NASA Lost Contact With Mars Helicopter Ingenuity For 15 Breathless Minutes

NASA conducted the 17th flight for the Ingenuity Mars Helicopter on Sunday, December 5. Everything went as planned during the helicopter's 614-foot traverse to the northeast. However, during the final descent phase of the flight, the communications link between Ingenuity and the Perseverance Mars rover was disrupted. It appears the helicopter was able to land successfully. Approximately 15 minutes after the radio link was lost, Perseverance received packets of Ingenuity telemetry indicating the battery and flight electronics were healthy.

NASA believes the loss of the radio link was due to a "challenging radio configuration" between Perseverance and Ingenuity during the helicopter's landing. Telemetry data NASA from the flight showed that the vehicle performed as expected during the 117-second flight at an altitude of 33 feet above the surface of Mars. However, telemetry data is missing for about a third of the final descent from an altitude of about 10 feet above the Martian surface.

NASA said before it could be sure exactly what happened to cause the loss of radio link, it had to transfer the missing data from Flight 17 from the helicopter to Perseverance and then to Earth. NASA was able to relay that data to Earth on Wednesday of this week, and the data shows that power aboard the helicopter is excellent. The level of power being transferred from the solar panels to the six lithium-ion batteries inside the helicopter is strong enough that NASA believes the helicopter is in an upright stance.

However, the Ingenuity team continues to have line-of-site issues with communications, which they believe caused the loss of telemetry data during the flight. The line-of-site issue has prevented the majority of data packets from being relayed to the rover. Outstanding data packets also include all of the imagery from the flight. NASA says that it expects an opportunity to transfer data in the next several days.

NASA knew Ingenuity would face challenges with the rugged environment where it's currently operating. The helicopter has operated far past its original mission timeline, and it was originally designed to operate on flat land. Currently, it is operating in an area with significant elevation changes that pose challenges not only to the flight software but to the radio signal link between Ingenuity and Perseverance.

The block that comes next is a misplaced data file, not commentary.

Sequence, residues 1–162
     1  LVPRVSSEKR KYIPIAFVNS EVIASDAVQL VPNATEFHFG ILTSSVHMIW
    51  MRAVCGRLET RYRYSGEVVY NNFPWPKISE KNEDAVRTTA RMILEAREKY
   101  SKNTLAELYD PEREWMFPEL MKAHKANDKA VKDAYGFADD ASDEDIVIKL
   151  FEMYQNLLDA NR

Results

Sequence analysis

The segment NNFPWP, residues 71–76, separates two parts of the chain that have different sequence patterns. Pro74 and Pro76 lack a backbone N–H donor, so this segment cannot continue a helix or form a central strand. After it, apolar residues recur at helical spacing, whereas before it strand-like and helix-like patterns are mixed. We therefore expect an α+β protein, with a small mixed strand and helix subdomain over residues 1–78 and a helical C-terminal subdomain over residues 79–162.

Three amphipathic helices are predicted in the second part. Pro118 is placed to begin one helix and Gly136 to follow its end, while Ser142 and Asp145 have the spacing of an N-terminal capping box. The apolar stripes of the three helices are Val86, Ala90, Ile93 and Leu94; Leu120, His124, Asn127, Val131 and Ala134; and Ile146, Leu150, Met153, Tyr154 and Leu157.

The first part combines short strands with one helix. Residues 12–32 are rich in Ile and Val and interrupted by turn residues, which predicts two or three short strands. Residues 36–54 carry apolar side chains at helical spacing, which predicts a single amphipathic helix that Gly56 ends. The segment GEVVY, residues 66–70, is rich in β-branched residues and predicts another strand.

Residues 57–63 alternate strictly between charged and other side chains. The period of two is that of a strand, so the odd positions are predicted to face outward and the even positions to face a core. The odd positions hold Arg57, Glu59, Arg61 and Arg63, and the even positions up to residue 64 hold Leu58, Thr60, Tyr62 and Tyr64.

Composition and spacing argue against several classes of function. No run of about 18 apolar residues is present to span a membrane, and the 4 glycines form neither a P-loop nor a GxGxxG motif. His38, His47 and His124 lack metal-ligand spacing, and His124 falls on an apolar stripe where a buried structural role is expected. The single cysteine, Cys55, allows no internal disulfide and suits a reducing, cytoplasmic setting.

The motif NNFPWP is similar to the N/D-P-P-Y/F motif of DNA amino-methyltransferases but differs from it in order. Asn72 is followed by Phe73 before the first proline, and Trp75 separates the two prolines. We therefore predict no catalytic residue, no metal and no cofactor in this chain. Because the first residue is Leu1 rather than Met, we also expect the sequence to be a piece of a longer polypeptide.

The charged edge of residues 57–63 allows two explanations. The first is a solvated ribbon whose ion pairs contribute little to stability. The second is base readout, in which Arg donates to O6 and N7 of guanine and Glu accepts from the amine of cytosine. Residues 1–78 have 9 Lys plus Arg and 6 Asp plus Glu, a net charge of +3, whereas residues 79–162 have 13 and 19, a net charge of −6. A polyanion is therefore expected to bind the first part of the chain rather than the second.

The strength of a radio signal depends a lot on having a clear line of sight between the transmitting and receiving antennas. In rugged terrain, the line of sight could be obstructed by large rocks, hills, or ridges. Communications can also be obstructed if Perseverance is aligned so that its receiver faces away from the helicopter. Communications challenges during this flight include a landing site that placed a hill called Bras between the helicopter and the rover. The hill is only 13-feet tall, but that proved enough to hamper communications.

When Flight 17 was planned, controllers believed Perseverance would be parked in a specific location, facing a specific direction. However, plans for Perseverance change day-to-day, and by the time Flight 17 happened, the rover was parked in a different location. The rover's location placed it at a challenging heading for radio communications with Ingenuity.

The design teams behind Ingenuity built the helicopter to handle this type of issue. The helicopter was designed to power down after flight and wait for further instructions automatically. NASA says it believes the flight was a complete success noting that telemetry was nominal leading up to the moment radio communications were lost. A successful landing is further backed up by the data packets received 15 minutes after Ingenuity was supposed to have landed.

Among the data in those packets was battery voltage is indicating +76 millivolts, which is a positive 1.2 percent state of charge increase over 15 minutes. That data shows that the solar panels were charging the battery, and NASA says the high level of charging is only possible if the vehicle was upright with its solar array pointed at the sky.

The image above was captured by the Mars Perseverance rover's Mastcam-Z Camera on SOL 282 (December 5, 2021) at local mean solar time 07:49:18., shared by NASA/JPL-Caltech/ASU

Challenging Conditions

Ingenuity continues operating in conditions above and beyond what it was originally intended to endure. One of the biggest challenges for continued operations was reduced Martian air density as the seasons changed on the Red Planet. The atmosphere on Mars is already significantly less dense than the atmosphere here on Earth. As the seasons changed, NASA had to increase the rotor speed of Ingenuity to allow the helicopter to continue to operate.

With the Martian atmosphere becoming less dense with the new season, NASA increased the rotor speed to 2800 RPM. The higher rotor speed provided the lift needed to keep operating. The current loss of radio communication isn't the first challenge that Ingenuity has overcome.

Previously, a flight was scrubbed in September after an issue with a pair of servos was discovered during a pre-flight checkout. The servos are critical to stable flight, and one theory at the time was that the issue might indicate parts of the servo gearbox and swashplate linkages were beginning to wear. However, the issue doesn't appear to have caused any additional problems for Ingenuity so far.